Political opponents continue to denounce Le Pen's National Rally party as a racist, xenophobic, anti-Semitic and anti-Muslim organization, but polls show that although society once dismissed it as a “devil” Republic, public opinion about it softened. In her third attempt at the presidency, Le Pen, 53, has become France's second favorite political figure behind former Prime Minister Edouard Philippe Macron in the latest monthly Elabe poll.

Le Pen's emphasis on the cost of living and rising energy prices is likely to be exacerbated by the conflict in Ukraine. “She's dangerous,” French Interior Minister Gérald Darmanin said last week. — She could win this presidential election.” On a campaign tour of the west of France, Macron warned against people “looking away” away from the reality of Le Pen's radical program, “finding her more endearing.”

The presidential election campaign, writes The Guardian, has become the most far-right in modern French history. In addition to Le Pen, another far-right candidate has emerged: former broadcaster Eric Zemmour, who was tried for inciting racial hatred. Using more inflammatory language than Marine Le Pen, he has cemented in the mainstream debate the discredited “great replacement” conspiracy theory in which he claims that the local French population could be replaced by outsiders, making France a Muslim-majority country located on brink of civil war. In sum, Le Pen and Zemmour can get about 30% of the vote in the first round of voting. Party “Republicans” the traditional right and her candidate Valerie Pecresse have stepped up their immigration rhetoric in competition with Zemmour.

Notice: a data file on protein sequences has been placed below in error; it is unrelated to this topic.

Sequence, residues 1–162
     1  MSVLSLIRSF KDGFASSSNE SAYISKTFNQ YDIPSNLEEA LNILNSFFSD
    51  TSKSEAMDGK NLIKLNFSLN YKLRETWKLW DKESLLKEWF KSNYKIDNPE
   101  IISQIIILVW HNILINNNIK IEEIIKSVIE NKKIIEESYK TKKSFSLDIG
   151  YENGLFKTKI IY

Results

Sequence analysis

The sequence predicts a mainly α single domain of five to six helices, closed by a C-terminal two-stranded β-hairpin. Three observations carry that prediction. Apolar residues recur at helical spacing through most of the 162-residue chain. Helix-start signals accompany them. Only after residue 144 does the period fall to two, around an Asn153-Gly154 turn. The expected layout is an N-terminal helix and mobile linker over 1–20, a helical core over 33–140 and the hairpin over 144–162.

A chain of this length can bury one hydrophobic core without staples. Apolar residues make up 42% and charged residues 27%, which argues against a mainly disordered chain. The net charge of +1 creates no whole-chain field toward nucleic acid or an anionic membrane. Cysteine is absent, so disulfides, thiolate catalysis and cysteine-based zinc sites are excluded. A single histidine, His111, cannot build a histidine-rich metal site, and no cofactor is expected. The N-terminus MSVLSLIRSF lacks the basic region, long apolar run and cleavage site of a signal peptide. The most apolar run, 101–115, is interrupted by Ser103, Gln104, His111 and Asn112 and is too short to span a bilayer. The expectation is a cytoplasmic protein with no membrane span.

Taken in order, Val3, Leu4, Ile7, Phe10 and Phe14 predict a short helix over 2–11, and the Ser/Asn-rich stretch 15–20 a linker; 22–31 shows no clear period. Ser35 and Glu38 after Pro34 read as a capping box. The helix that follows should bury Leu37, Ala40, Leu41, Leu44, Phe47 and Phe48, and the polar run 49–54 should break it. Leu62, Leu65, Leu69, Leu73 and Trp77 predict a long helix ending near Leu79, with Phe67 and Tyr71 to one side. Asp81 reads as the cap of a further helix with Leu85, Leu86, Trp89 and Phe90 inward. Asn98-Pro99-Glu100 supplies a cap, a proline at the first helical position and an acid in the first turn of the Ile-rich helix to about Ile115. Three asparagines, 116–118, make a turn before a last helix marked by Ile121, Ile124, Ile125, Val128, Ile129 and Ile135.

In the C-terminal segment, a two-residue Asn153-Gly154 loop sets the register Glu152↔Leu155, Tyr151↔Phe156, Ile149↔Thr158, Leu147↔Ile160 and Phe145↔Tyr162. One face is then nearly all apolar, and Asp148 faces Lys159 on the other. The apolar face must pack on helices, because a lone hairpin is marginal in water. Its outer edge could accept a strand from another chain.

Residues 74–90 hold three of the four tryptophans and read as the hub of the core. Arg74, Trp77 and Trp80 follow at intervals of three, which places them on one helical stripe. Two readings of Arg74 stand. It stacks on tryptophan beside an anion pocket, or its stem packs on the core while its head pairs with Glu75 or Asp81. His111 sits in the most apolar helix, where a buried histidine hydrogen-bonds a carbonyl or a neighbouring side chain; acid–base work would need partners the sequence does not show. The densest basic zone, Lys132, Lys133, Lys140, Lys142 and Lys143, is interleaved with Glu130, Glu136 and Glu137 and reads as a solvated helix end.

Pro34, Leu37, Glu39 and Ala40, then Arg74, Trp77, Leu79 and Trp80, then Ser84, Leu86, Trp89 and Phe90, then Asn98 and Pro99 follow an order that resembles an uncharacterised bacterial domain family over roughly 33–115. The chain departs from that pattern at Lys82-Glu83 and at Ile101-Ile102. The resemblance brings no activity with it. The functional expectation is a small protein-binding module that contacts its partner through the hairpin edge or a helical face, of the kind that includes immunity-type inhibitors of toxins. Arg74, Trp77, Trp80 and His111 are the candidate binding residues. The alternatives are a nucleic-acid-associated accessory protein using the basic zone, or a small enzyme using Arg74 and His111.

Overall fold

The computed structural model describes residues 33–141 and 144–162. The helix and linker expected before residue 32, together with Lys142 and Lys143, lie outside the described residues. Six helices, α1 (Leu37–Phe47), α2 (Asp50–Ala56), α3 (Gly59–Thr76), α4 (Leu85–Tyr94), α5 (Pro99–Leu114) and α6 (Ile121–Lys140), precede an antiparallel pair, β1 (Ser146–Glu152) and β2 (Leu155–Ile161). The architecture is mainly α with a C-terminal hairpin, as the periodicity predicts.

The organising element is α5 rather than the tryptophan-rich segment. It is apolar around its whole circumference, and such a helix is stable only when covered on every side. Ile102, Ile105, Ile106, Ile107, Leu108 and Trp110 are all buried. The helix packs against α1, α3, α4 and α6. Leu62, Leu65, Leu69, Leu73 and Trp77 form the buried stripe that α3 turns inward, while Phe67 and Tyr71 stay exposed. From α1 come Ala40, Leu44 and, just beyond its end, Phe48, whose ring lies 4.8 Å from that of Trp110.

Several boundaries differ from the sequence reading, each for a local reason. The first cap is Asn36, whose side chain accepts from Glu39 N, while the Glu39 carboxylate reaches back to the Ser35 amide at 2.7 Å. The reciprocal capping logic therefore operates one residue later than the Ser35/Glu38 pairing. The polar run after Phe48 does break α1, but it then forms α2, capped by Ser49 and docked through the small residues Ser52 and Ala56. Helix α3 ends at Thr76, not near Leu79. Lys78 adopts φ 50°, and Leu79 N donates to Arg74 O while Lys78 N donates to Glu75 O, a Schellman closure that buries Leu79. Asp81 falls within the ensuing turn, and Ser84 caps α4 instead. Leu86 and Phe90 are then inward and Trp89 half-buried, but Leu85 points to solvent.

Rather than hurt Le Pen, Eric Zemmour has stepped up its rhetoric, The Guardian notes. “Something absolutely amazing happened during this campaign. The radicalism of Eric Zemmour softened the image of Marine Le Pen, — comments Bruno Cotres, a political scientist at the Paris-based Sciences-Po University. — She is less radical for many voters, looks less aggressive than Eric Zemmour, she has more respectability.